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Chanel leans into men’s makeup movement

Boy de Chanel makeup Chanel shared beauty tutorials aimed for men. Image credit: Chanel


French fashion label Chanel is launching its first makeup products for men globally as more luxury cosmetic companies cater to male consumers.

While men have always been able to purchase cosmetics and skincare products, most luxury brands dedicate their personal care resources to female consumers. By appealing to men beyond masculine fragrances, Chanel can reach a new market and present a forward-thinking identity.

"Brands like Covergirl and Maybelline have already marketed toward male consumers, so with Chanel following, it becomes more than just a simple trend of marketing makeup toward men,” said Romey Louangvilay, communications director at ELMNTL, New York. “It's a movement in which people who were perviously ignored or disregarded, referring to gender-fluid consumers and men who always preferred wearing makeup, are finally being spoken to by big brands.

“In addition, Chanel's direction with their male makeup line shows younger consumers, who will control the majority of the buying power, that [the brand is] listening and not tone deaf to what's going on in the world,” he said.

Mr. Louangvilay is not affiliated with Chanel, but agreed to comment as an industry expert. Chanel was reached for comment.

Boy de makeup
Men wearing makeup is already becoming more commonplace in Asia, where Chanel’s makeup line was first introduced.

The new makeup collection is under the Boy de Chanel moniker, named for Gabrielle Chanel's lover Boy Capel. It launched in South Korea on Sept. 1, before branding out to ecommerce this month, where everyone can purchase (see story).

“Chanel said it best when they mentioned that makeup isn't about gender, it's about style,” Mr. Louangvilay said.

Boy de Chanel makeup

Boy de Chanel makeup includes three products. Image credit: Chanel

Boy de Chanel makeup includes a sheer coverage foundation, an eyebrow pencil and a matte lip balm. The midnight blue packaging is minimalistic without being overtly masculine.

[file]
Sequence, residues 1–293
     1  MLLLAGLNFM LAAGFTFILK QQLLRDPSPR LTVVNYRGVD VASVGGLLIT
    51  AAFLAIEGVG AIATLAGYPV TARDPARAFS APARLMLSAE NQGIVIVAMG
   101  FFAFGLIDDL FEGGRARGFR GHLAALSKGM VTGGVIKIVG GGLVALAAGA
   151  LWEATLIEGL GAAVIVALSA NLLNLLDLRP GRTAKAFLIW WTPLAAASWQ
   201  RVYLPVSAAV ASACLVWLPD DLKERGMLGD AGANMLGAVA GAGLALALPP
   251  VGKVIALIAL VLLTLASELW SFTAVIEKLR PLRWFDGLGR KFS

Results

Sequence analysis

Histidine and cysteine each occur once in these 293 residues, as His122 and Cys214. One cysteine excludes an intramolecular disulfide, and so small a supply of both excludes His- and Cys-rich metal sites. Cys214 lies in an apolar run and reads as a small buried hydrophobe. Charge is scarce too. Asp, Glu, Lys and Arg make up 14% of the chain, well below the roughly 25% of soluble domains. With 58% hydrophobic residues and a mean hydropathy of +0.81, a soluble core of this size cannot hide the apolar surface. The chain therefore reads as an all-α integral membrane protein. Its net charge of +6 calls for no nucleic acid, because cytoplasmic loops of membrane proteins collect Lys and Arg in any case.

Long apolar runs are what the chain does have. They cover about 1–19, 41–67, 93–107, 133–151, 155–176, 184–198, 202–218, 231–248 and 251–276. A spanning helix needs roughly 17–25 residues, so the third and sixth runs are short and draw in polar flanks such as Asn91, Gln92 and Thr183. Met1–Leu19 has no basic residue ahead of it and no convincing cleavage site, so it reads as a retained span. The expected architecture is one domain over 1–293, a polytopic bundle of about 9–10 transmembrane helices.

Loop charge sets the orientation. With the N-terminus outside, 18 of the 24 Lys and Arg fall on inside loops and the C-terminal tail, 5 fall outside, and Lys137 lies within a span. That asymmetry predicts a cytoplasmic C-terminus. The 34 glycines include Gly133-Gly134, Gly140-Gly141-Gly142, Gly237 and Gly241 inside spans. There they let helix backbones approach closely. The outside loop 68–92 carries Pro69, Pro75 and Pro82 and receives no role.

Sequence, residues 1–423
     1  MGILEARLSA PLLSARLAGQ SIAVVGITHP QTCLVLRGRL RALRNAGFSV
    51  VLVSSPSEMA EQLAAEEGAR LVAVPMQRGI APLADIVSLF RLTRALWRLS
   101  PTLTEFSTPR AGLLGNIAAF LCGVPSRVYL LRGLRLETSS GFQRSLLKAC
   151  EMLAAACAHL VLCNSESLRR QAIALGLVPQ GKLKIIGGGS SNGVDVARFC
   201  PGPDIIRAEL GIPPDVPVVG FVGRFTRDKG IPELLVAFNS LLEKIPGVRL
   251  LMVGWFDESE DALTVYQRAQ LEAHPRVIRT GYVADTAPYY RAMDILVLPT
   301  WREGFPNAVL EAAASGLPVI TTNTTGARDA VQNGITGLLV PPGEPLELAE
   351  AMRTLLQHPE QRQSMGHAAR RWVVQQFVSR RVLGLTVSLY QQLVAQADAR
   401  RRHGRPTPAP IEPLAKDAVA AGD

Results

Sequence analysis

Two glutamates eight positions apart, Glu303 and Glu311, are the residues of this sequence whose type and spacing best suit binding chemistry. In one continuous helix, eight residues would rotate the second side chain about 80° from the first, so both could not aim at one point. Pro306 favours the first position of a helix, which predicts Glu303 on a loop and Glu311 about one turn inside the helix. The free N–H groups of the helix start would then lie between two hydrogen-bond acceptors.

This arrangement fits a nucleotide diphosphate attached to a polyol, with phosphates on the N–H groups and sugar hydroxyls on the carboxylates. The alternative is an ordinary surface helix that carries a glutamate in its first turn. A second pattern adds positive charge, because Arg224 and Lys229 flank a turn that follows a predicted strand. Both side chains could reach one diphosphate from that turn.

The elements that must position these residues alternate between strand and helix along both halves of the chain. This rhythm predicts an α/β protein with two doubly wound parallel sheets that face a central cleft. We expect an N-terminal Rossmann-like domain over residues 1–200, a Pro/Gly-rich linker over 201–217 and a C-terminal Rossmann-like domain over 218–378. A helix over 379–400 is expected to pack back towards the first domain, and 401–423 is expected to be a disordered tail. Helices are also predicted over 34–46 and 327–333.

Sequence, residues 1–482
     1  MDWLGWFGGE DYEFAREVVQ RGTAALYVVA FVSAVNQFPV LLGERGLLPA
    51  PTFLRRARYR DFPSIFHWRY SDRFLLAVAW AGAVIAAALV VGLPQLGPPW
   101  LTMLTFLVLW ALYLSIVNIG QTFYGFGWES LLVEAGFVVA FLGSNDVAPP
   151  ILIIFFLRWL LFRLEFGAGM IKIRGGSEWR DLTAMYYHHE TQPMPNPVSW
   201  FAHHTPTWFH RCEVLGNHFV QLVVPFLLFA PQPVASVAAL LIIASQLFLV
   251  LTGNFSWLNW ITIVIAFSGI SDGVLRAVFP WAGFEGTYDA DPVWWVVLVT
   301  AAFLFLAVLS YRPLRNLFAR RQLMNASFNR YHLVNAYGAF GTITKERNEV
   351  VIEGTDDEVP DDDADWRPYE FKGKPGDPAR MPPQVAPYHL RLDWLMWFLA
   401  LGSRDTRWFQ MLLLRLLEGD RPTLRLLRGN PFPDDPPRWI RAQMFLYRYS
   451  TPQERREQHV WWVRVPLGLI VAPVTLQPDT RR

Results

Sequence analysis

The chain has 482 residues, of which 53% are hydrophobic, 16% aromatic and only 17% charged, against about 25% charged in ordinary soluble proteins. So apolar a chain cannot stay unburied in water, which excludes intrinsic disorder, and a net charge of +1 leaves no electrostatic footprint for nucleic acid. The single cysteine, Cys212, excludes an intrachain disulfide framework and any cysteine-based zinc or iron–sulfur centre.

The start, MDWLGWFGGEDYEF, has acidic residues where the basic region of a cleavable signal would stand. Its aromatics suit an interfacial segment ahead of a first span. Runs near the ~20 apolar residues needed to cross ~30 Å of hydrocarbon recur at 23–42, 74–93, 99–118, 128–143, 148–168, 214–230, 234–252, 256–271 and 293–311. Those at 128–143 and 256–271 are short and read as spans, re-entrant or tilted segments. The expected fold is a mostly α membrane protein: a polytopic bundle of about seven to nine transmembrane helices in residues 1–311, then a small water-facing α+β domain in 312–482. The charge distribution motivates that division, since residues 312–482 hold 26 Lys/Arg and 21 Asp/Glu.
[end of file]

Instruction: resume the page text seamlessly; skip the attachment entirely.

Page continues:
The makeup line has also expanded its shade range since its original launch in South Korea. The foundation now comes in eight shades instead of four, while the pencil is offered in four shades, including gray for older men.

Chanel is also marketing gender-neutral skincare products on its Boy de Chanel landing page, including cleansing cream, serum and sunscreen.

For men who are more unfamiliar with makeup applications, Chanel is also sharing tutorials on how to apply foundation and fill in brows.

Similar to YouTube tutorials, the brief videos explain the simple techniques men can use with their new products and even include captions for each step. The emphasis is on enhancing men's natural appearance.

Men are also encouraged to finish their look with Bleu de Chanel cologne.

“While male YouTube stars and male beauty influencers populate the social media landscape today, gender stereotypes continue to persist in our culture and, in turn, within the beauty industry,” said Gina Delio, partner and CCO at Tag Creative. “It’s a powerful statement by Chanel to create a line of cosmetics targeted at men because it suggests that beauty transcends gender codes.”

Makeup for others
While the launch of Boy de Chanel is notable, the house is not the only luxury brand that has introduced cosmetics geared for male and gender-fluid consumers.

U.S. fashion brand Tom Ford launched a grooming line, Tom Ford for Men, in fall 2013. The line includes soaps, concealer, brow definer and a wide range of skincare products.

More recently, Crème de la Mer created a series of content for the audience of Mr Porter to gain visibility for its men’s skincare line.

Mr Porter shared journal entries that detail the routines of personalities such as New York maître d’ Alireza Niroomand, in which the men use La Mer skincare. Hoping to inspire viewers and readers to introduce La Mer into their routine, Mr. Niroomand describes why he likes each product (see story).

LVMH’s Sephora is taking a more tangible approach to support the transgender community with special beauty classes.

Known for its inclusion and openness to the LGBTQ community as well as diversity as a whole, Sephora is taking steps to help transgender individuals gain confidence. As part of its Sephora Stands program, 90-minute classes will be offered for non-binary and transgender customers to learn various techniques to help them discover their own idea of beauty and confidence (see story).

“If you're gender fluid, or someone who also happens to enjoy wearing makeup, this is not a trend,” Mr. Louangvilay said. “This might be a trend for mass marketers with little exposure to these minority groups, but perceiving makeup as gender neutral has been a thing for several years, especially in the queer people of color community.

“Like any trend, minority groups and/or groups of people who don't quite have a loud and vocal platform usually discover something or are more willing to experiment start it,” he said. “Then someone with a bigger platform brings more light to it, and the masses catch on.”